The Miaz Brothers present a drastic new interpretation of portraiture, as the siblings, create large-format canvases using spray paint in a unique new way. Their series with the Masters focuses on the historic and notable figures from the time of the English Restoration1 while evoking a new take on the Masters.
Why did they use spray paint?
They explain that the use of spray paint is representative that we, as humans, “are composed of infinite particles in continuous evolution”. The spray paint creates a blurred effect that expresses the duo’s work: “dematerializing the lines, we gain a substantial indetermination of the picture. This skips any immediate reaction and provokes the viewer to use mnemonic associations instead for their own personal visual information encoding.”
What makes these works stand out?
The Miaz Brothers have a very particular method to their art; their style elements are dichotomized and further enact the concepts of temporality and transcendence. The Miaz Brother’s paintings are made up of large haunting portraits, of ghostly figures that are only just visible. These works are based on the Old Masters2, and with little more than that information, the viewers are given all that is needed to complete the narrative.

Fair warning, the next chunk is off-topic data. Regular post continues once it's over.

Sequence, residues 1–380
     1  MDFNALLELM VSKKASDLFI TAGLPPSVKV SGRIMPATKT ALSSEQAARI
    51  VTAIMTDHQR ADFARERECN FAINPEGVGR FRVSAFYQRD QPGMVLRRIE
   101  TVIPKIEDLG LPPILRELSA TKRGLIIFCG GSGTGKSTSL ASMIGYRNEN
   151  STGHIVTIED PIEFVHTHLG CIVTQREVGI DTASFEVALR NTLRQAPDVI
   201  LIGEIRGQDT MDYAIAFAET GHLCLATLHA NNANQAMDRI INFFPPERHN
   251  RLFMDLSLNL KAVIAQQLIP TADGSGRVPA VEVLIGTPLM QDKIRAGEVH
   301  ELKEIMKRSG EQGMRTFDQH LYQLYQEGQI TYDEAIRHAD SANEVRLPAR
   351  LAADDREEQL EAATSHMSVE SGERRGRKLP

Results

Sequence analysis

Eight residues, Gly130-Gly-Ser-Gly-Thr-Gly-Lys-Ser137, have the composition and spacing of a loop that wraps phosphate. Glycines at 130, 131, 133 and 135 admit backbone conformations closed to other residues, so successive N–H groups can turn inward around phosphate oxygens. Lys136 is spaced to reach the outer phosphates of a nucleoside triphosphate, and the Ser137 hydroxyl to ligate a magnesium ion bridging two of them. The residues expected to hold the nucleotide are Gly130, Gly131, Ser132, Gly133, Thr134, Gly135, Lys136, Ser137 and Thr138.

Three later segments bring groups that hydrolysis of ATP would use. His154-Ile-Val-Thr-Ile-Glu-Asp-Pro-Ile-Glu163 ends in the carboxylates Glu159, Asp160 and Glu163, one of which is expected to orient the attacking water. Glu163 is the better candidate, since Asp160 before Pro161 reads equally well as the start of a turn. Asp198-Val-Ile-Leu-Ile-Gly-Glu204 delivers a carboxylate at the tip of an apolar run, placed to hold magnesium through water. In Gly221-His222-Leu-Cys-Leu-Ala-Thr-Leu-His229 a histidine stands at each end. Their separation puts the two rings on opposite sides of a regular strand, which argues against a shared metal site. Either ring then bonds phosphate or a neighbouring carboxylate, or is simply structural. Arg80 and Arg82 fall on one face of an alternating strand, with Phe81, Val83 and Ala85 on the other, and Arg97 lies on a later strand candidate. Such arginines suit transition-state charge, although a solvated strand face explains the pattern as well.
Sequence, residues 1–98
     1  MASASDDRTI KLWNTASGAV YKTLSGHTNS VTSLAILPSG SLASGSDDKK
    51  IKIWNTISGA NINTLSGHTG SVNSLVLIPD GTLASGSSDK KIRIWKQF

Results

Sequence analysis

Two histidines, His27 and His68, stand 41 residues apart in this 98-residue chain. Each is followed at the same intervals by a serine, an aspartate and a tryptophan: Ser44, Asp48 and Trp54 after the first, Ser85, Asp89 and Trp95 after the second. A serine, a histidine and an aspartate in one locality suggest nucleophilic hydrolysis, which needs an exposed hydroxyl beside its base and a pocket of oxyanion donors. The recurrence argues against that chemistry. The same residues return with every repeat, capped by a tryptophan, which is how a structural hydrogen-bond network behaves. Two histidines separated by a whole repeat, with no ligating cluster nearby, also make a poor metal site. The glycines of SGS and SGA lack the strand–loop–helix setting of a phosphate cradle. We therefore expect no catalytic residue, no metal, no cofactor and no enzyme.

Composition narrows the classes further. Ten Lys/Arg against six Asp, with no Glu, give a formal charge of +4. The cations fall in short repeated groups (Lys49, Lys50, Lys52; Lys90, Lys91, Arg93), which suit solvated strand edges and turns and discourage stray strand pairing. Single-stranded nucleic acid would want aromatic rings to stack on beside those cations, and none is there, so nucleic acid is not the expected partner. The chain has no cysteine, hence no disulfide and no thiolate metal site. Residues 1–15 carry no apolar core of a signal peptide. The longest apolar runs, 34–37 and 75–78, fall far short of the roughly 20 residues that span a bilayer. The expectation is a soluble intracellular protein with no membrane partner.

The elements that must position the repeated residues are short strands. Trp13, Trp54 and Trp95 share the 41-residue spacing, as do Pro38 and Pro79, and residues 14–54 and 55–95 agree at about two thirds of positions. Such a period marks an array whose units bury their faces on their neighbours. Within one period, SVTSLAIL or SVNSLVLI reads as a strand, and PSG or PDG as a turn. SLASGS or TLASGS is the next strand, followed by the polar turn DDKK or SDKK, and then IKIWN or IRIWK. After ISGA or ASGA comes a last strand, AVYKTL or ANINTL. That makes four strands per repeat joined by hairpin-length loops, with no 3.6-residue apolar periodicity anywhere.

Their otherworldly work is without a doubt evocative and highlights our transitory actuality and the interchange that is existence. The Miaz Brothers also bring into conversation the many ideas surrounding perception and how each person’s perception varies from person to person so drastically. Every viewer sees precisely what they want or need to when viewing the portraits, whether they see a historical figure, or someone they know, each person projects their own associations and perceptions on to the blurred canvas. This is what is so refreshing about the Miaz Brothers, they don’t tell you what to see, think, or feel- it is up to you to interpret the artwork, and no matter how you do, you are right.